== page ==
Senior Center

by Jack Swenson

Just as I walk into the dining room, the old Chinese man goes down.  He's the fellow who goes into classrooms and sleeps.  Somebody told me that when he was younger, he taught at a university.


I kneel by his side.  He rolls over on his back, his eyes squeezed shut.  I don't know whether he's hurt or embarrassed.  "Are you all right?" I ask.  He blinks.  He sits up.  I help him stand.  He looks sorrowfully at his coffee cup, which is on the floor.


Others are standing or crouching, half up, half down, by tables with place cards and white tablecloths.  Some of the elderly men and women are coming forward.  A woman in a white apron marches up.  "What happened?" she asked.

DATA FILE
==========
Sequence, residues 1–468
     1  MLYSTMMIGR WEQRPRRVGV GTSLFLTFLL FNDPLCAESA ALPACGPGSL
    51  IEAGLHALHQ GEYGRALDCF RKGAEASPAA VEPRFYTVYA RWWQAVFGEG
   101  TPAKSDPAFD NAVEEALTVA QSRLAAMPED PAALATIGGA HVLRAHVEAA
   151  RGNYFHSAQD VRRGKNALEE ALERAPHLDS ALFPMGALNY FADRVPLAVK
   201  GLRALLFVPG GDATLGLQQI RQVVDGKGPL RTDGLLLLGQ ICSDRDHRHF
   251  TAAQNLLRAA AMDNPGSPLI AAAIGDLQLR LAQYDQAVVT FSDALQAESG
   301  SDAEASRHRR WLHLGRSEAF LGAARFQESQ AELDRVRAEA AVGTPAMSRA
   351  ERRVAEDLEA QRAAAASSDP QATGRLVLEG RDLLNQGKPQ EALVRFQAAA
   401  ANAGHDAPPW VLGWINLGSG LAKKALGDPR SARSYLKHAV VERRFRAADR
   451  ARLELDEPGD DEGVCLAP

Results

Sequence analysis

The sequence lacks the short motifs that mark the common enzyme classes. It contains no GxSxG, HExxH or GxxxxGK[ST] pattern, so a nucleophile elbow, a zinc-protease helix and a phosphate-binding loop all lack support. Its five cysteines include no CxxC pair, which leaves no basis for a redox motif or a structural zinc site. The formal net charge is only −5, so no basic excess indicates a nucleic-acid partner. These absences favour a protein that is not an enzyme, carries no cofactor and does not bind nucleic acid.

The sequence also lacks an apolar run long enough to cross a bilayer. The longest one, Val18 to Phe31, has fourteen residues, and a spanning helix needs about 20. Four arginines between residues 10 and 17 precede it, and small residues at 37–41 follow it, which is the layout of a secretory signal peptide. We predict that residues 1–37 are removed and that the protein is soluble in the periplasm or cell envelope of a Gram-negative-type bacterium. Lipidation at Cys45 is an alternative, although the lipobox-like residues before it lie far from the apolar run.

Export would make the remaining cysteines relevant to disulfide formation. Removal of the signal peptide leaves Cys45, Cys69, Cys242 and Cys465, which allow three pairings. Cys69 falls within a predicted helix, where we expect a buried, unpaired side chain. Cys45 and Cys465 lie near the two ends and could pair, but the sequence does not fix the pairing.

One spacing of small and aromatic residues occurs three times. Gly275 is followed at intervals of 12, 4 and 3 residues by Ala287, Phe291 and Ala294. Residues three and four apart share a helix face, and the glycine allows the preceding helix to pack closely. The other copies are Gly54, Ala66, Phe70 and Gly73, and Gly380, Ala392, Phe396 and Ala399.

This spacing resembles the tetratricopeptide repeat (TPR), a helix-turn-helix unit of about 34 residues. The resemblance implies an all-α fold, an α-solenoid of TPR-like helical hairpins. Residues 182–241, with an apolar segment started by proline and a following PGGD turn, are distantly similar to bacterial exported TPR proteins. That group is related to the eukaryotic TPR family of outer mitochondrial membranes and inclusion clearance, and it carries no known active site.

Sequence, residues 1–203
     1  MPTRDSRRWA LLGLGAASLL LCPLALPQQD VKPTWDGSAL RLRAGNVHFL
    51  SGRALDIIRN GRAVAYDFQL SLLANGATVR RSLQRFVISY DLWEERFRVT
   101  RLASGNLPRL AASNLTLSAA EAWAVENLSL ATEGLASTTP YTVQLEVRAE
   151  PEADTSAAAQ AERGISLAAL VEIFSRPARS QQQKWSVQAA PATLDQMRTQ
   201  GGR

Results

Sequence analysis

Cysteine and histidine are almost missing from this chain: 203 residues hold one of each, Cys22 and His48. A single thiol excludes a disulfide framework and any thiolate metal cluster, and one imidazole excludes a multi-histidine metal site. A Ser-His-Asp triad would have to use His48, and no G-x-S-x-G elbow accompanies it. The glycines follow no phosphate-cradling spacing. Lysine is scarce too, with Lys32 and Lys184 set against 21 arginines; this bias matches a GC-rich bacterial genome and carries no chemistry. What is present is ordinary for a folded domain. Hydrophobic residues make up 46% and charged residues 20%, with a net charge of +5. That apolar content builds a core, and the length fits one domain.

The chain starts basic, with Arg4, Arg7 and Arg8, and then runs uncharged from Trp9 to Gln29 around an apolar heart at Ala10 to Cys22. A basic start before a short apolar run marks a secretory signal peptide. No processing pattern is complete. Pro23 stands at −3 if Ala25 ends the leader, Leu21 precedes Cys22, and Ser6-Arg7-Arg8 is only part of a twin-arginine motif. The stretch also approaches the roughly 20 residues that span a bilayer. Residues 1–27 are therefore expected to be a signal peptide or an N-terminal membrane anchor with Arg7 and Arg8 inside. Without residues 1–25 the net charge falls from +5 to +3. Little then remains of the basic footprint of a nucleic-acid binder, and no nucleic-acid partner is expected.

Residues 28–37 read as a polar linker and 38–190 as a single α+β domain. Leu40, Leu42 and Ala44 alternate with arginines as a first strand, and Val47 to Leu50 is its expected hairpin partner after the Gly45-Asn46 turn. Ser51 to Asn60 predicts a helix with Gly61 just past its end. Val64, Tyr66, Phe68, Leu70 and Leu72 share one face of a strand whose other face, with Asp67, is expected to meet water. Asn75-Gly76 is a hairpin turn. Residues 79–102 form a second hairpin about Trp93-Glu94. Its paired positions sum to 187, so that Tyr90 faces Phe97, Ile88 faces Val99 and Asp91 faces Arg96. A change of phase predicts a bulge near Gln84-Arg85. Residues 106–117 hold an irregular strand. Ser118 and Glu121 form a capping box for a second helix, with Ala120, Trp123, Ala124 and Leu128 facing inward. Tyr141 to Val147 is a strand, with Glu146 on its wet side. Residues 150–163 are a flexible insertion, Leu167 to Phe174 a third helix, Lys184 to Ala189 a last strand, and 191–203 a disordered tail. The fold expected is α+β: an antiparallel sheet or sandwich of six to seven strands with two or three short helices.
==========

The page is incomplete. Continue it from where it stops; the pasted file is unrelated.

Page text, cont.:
I take the old man's arm and lead him to the nearest table.  I pull out a chair and he sits down.  One of the kitchen workers heads for the office to alert the staff.  I look up and see the others shuffling toward us from the back of the room, old men and women, dozens of them, bent, slow moving, jostling each other, pushing.  They don't want to miss out on anything.  They want to see.  They want to know if anyone was hurt.  They want to see if there is any blood.